When the federal government asked permission to survey land near the La Joya sewer plant, an initial step required to build the border wall, Mayor Jose A. “Fito” Salinas wasn’t impressed.
“Commissioners, look at Page 1 of the Right-of-Entry,” Mayor Salinas said, referencing a four-page document U.S. Customs and Border Protection provided to the city.
“It says ‘The property that is subject to this right-of-entry is located in the State of Texas, County of Starr County,’” Salinas said with a laugh. “This is not Starr County.”
For the federal government, which didn’t send anyone to walk Salinas through the request, the La Joya City Commission meeting on March 12 didn’t produce results.
Salinas wanted to know why the federal government asked to survey the 16-acre property, which is located near the intersection of Garza Avenue and Military Road.
La Joya neglected the land for years.
The city allowed people to dump trash, brush and debris on the property, which triggered an investigation by the Texas Commission on Environmental Quality.
While the commission assessed a $15,000 penalty, it allowed La Joya to complete a so-called “supplemental environmental project” rather than pay the fine.
After cleaning up the mess, La Joya let the land sit idle.
Salinas asked what, exactly, Customs and Border Protection had planned for the property. City Administrator Mike Alaniz said he didn’t know.
A few years back, the federal government wanted to build a communication tower near the sewer plant, Alaniz said, recalling conversations with Border Patrol.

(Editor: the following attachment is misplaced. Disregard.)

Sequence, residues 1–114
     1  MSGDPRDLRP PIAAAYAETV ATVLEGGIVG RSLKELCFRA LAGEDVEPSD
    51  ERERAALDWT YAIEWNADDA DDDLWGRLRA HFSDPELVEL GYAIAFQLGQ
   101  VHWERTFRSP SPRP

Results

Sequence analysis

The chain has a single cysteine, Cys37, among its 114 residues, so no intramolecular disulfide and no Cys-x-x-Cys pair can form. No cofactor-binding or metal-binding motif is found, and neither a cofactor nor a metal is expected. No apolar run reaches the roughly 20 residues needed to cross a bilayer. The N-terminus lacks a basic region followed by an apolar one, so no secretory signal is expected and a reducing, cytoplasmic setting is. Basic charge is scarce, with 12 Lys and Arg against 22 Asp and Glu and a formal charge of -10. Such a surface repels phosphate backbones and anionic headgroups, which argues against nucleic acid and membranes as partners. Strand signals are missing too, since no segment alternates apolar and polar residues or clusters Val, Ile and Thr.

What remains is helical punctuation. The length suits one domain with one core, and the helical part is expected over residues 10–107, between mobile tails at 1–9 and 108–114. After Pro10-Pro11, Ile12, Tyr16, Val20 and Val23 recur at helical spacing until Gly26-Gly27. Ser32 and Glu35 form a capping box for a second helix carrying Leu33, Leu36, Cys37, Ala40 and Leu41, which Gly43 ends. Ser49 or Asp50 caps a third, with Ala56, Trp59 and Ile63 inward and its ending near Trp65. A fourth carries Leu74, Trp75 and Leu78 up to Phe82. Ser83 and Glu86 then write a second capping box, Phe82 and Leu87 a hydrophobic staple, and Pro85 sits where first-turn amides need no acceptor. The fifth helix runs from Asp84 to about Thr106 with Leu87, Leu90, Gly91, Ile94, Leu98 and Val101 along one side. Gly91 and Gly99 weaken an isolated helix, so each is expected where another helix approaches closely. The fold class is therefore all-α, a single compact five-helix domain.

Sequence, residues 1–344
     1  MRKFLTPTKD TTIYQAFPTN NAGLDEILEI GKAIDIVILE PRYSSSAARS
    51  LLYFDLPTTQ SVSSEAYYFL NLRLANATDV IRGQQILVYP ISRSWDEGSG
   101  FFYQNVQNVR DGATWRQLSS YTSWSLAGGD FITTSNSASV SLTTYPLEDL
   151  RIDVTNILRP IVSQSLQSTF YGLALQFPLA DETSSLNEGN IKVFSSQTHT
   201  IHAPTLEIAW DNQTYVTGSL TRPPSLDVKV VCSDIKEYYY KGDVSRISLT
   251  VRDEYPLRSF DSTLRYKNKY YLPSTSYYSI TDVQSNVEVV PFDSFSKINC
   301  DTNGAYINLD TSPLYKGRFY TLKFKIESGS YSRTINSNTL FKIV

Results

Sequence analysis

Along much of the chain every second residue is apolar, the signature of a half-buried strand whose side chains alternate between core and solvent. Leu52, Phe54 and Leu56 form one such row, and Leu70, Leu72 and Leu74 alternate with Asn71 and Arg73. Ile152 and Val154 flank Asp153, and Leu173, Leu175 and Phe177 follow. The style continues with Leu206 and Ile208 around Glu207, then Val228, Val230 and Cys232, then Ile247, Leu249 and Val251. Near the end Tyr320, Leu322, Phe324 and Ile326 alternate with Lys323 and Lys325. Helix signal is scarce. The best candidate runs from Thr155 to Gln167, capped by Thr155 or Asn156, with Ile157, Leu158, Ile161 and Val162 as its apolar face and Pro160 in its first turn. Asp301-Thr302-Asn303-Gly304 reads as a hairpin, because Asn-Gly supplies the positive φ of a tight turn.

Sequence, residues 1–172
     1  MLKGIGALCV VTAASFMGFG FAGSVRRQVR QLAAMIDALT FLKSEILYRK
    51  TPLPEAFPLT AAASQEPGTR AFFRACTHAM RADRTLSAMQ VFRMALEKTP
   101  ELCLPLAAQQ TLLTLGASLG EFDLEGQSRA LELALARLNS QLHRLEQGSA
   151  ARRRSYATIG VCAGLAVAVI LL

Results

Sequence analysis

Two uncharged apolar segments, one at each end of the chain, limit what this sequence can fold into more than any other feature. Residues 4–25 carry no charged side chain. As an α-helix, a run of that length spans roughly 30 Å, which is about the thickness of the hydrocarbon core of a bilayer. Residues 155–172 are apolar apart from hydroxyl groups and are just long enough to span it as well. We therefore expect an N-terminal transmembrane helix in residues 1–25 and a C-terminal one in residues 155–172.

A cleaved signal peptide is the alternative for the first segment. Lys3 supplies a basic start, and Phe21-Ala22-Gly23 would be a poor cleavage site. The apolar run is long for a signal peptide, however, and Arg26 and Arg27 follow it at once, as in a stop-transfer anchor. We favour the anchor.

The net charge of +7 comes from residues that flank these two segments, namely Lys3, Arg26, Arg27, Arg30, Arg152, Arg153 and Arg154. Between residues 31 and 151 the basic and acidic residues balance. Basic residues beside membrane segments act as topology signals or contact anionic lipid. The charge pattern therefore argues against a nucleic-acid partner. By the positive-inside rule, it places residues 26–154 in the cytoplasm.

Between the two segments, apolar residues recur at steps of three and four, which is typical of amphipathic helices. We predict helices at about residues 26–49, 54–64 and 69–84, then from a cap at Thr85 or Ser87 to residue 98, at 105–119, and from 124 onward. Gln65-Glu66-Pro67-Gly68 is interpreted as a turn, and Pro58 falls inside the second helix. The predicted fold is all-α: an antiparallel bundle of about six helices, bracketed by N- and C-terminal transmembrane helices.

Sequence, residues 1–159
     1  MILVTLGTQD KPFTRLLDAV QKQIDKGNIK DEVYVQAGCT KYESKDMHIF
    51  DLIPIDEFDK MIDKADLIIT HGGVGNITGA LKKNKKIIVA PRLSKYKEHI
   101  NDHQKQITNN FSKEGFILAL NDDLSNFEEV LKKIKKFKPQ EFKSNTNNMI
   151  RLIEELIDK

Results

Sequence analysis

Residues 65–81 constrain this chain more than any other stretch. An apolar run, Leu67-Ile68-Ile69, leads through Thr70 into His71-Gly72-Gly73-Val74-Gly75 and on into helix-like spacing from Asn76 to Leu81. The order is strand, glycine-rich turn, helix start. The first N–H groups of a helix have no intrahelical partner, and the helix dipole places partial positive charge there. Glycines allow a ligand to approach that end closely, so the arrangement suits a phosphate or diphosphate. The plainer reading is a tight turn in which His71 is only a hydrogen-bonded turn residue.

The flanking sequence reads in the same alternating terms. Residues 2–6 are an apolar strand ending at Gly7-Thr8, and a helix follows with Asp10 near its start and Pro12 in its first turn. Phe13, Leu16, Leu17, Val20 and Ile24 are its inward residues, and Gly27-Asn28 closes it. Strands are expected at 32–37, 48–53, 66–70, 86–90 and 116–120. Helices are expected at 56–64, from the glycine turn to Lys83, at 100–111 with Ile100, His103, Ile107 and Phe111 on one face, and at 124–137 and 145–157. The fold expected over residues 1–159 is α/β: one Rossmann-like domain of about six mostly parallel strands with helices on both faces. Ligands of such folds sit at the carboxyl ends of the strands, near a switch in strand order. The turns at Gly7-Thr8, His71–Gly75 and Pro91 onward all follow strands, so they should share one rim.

“It was granted back then but, eventually, nothing happened,” Alaniz said.
What prompted the federal government to request a survey remains unclear, Alaniz said, adding that he didn’t know what Customs and Border Protection wanted.
The document, however, clearly indicates that Customs and Border Protection may build a wall through the property.
“CBP anticipates that the FY19 appropriation will fund border wall system in this location,” according to a statement released by Customs and Border Protection, which references the 2019 fiscal year. “The border wall system is planned to include steel bollard wall, patrol road, and associated technology. Planning is currently underway. CBP will consult with the impacted stakeholders on the final alignment and design.”
Customs and Border Protection asked permission to conduct surveys, environmental assessments and other activity necessary for “Border Infrastructure Projects,” according to the document, which is titled “Right-of-Entry For Survey and Site Assessment.”
The document also includes a signature line for Loren Flossman, who is described as the “Wall Program Portfolio Manager” for the U.S. Border Patrol Program Management Office Directorate.
A map attached to the document labels part of the property “RGV-MCS-1302,” which is apparently a 2.42-acre portion of the overall tract. That portion runs parallel to Military Road.
Concerned the Customs and Border Protection project would prevent La Joya from expanding the sewer plant, Salinas and Alaniz suggested the City Commission table the request.
“I recommend, maybe, we possibly meet with U.S. Customs or Border Patrol and actually find out exactly why is it that they need this survey,” Alaniz said. “Because when I asked, they said it could be utilized for various reasons. And that kind of concerned me a bit.”
The motion passed unanimously. Salinas and the City Commission may discuss the request again on April 9.